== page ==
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Hamoda, Utah State handle Westminster on record-breaking night for the 9-0 Aggies

Zee Hamoda had a career high 28 points and Utah State matched the 1938-39 team's record for the best start in program history,

Zee Hamoda had a career high 28 points and Utah State matched the 1938-39 team's record for the best start in program history, (Garett Graf, USU Athletics )

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LOGAN β€” In the midst of the bleak grind of finals week, Zee Hamoda decided to bring some pizzazz onto campus.

With Utah State holding a big lead over Westminster in the second half, the sophomore from Bahrain buried back-to-back 3-pointers, then got a steal with an open lane to the basket. Much to the anticipation of the 6,047 fans in attendance, he leaped up, twisted through the air, and threw down a 360-degree slam.

Moments later, Hamoda got another steal, hustled down, hung in the air, and hammered a two-handed dunk. In his closing act, he hit an and-one 3-pointer with 40 seconds left to break the 100-point threshold for the Aggies.

Utah State coasted to a 106-68 win over Westminster in the Spectrum on Thursday night. The win matches the 1938-39 team's record for the best start in program history β€” the Aggies are 9-0.

Hamoda finished with a career-high 28 points on 10-of-12 shooting; and RJ Eytle-Rock and Steven Ashworth had 17 points, Sean Bairstow finished with 16.

Taylor Miller stood out for the Griffins and scored a game-high 26 points on 12-of-16 shooting.

"I was shocked that I was alone, with nobody coming to block me," Hamoda said about his first dunk. "So I was like, OK, now time to show off. What I should do? So I was thinking about a windmill, 360, or between the leg, and I ended up with a 360.

"It is special, nothing new, just my friends and my teammates and coaches, staff giving me the opportunity to play well," Hamoda said.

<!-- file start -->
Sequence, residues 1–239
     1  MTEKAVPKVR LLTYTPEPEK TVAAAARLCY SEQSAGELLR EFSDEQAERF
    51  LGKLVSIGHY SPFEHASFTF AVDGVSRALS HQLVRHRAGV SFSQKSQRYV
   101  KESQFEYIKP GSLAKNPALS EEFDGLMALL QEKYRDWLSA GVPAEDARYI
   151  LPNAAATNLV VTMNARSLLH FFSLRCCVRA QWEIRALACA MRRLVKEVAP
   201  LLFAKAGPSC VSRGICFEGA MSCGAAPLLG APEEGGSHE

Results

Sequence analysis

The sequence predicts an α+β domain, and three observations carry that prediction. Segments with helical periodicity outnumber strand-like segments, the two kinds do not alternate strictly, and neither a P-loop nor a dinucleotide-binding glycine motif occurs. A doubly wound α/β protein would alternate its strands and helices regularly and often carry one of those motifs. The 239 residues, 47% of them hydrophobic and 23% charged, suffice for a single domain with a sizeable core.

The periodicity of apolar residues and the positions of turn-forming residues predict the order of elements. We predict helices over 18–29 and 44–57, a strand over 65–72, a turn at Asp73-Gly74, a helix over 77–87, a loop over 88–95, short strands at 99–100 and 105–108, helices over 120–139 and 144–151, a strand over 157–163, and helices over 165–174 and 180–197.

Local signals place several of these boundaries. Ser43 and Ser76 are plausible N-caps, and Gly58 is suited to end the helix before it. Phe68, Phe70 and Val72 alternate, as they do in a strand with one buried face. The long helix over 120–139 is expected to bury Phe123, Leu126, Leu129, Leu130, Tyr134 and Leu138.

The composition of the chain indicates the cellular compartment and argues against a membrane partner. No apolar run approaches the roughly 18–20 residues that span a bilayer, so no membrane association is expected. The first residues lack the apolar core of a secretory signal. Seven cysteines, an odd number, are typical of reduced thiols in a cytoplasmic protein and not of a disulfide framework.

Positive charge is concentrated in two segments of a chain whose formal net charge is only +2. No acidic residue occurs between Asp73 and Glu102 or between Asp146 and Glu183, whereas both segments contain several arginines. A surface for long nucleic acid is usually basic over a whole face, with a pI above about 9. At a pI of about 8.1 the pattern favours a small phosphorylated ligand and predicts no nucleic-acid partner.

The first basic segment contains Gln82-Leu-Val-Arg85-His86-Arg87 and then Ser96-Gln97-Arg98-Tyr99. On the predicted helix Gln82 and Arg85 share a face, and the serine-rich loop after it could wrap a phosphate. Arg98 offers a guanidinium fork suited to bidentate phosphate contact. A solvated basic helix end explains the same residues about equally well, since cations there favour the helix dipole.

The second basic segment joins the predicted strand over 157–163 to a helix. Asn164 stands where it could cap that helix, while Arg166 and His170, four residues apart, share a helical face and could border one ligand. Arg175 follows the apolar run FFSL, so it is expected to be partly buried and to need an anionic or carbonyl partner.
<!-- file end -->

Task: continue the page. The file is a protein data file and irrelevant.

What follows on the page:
Ashworth said he was "really happy" for Hamoda. "He let the game come to him. In the second half, he found open looks and we definitely have the confidence in Zee to hit shots when he's open. And that's what we were able to see tonight."

Beyond his highlight reel dunks, Hamoda finished 6-of-7 from 3-point range and contributed to a program-best 21 made 3-pointers in a game. The Aggies buried 21-of-37 attempts, some of which came in unorthodox ways, including a half-court shot from Max Shulga to beat the first-half buzzer, and a buzzer-beating 3-pointer from Etyle-Rock at the end of regulation to break the record.

The latter was inadvertent since Etyle-Rock meant to shoot it after the buzzer sounded. According to Odom, he apologized to Westminster head coach Norm Parrish for the poor sportsmanship afterward.

"I was just irritated that last one counted," Odom said. "I thought he was trying to shoot it after the clock. And that obviously was not (what happened)."

Beyond the final gaffe, breaking the record was a manifestation of what the Aggies have done this season from beyond the arc. Despite missing shooters Taylor Funk (ankle) and Rylan Jones (concussion), Utah State showed it had numerous guys who can knock down the 3-ball. Ashworth and Etyle-Rock were both 5-of-9 from beyond the arc, Bairstow was 2-of-3 and Max Shulga was 3-of-8.

"We never really set out to break records like that. We really just try to let the game come to us," Ashworth said. "And that's what's great about this team is that you can go out on a night like this and do something like that, which is really special and will probably last for maybe a few more weeks."

Division II Westminster, who was playing its first non-exhibition game against an in-state opponent this season, struggled to defend the 3-point barrage. But the Griffins shot 46% from the field and 96% from the free-throw line. After a jumper from Miller with 6:30 left in the first half, the Griffins clung to a 22-21 lead.

Then it was all Aggies.

The host team went on a 22-12 run to close the half. Then, backed by 23 second-half points from Hamoda and 17 second-half points from Etyle-Rock, Utah State outscored the Griffins 63-37 in the second half.

For Etyle-Rock, who averages nine minutes this season, the second half was an opportunity to lead the offense and increase his in-game shooting reps.

"RJ has taken some of those same shots and other games β€” certainly last year, he did," Odom said. "It was good for us to see it for him, in particular, to see that ball go in the basket."

And for Hamoda, it was a chance for the underclassman to show off a bit.


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